Lilly Announces Agreement to Acquire Dermira for $1.1B
Eli Lilly and Company and Dermira, Inc have announced a definitive agreement for Lilly to acquire Dermira for $18.75 per share, or approximately $1.1 billion, in an all-cash transaction. This acquisition expands Lilly's immunology pipeline with the addition of lebrikizumab, a novel, investigational, monoclonal antibody for the treatment of moderate-to-severe atopic dermatitis in adolescent and adult patients, aged 12 years and older.The acquisition agreement also expands Lilly's portfolio of marketed dermatology medicines with the addition of QBREXZA, a medicated cloth approved by the US Food and Drug Administration for the topical treatment of primary axillary hyperhidrosis (uncontrolled excessive underarm sweating). Under the terms of the agreement, Lilly will commence a tender offer to acquire all outstanding shares of Dermira, Inc.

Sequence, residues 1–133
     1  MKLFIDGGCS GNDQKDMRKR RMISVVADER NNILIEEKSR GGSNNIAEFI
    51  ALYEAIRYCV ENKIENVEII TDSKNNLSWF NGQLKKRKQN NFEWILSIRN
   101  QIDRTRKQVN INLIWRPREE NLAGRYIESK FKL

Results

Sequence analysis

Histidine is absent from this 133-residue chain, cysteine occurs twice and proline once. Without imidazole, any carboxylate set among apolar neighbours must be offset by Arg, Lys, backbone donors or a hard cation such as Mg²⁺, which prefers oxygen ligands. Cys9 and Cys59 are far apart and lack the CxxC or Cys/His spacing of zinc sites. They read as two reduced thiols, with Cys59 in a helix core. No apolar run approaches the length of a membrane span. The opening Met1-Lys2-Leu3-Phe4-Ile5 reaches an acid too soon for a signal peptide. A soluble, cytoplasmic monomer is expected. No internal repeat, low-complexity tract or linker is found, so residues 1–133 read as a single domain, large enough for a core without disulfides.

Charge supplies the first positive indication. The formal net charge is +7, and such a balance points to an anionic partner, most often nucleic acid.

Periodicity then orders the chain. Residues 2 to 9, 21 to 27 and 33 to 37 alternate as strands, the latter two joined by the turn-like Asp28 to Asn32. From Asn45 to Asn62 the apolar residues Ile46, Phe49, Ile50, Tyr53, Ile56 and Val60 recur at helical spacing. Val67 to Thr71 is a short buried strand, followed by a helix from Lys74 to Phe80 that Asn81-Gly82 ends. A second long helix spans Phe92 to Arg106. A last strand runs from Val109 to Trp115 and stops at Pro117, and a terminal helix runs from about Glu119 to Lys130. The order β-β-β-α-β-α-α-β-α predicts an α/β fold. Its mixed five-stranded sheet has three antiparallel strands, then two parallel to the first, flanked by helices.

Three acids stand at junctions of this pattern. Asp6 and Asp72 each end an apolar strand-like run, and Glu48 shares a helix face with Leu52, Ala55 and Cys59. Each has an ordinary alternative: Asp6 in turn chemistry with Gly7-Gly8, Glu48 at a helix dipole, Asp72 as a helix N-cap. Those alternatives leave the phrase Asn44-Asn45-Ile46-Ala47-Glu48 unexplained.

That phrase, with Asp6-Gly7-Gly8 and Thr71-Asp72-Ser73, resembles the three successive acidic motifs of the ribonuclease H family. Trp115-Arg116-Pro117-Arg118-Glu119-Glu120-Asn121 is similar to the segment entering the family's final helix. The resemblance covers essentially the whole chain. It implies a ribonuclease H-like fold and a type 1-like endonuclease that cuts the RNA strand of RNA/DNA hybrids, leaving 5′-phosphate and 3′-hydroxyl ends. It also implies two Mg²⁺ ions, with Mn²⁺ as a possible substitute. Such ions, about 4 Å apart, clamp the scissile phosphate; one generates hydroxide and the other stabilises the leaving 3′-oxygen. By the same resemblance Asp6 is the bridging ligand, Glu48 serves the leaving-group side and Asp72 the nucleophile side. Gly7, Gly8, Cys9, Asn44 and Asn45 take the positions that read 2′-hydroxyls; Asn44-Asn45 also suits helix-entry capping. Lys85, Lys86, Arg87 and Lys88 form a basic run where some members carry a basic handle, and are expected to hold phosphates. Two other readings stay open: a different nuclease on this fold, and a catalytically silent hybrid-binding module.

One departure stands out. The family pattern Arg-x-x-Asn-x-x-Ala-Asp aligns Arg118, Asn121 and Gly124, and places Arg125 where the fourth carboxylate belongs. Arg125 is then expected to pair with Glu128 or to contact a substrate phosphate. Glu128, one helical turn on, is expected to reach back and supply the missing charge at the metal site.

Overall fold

Biogen Finds $75M Home for Pfizer Alzheimer's Drug
In an unusual deal between large drugmakers, Biogen will pay Pfizer $75 million to acquire an experimental drug designed to address sleep-related symptoms of Alzheimer's and Parkinson's disease. Pfizer has completed early-stage safety studies for the drug, but in 2018 decided to step back from neuroscience research, offloading some of its investigational therapies into a spin-off called Cerevel Therapeutics. For Biogen, the deal adds another Alzheimer's asset to its pipeline of five therapies aimed at the neurodegenerative condition. That line-up includes the controversial aducanumab, which the Cambridge, Massachusetts-based biotech plans to submit for
U.S. approval this year.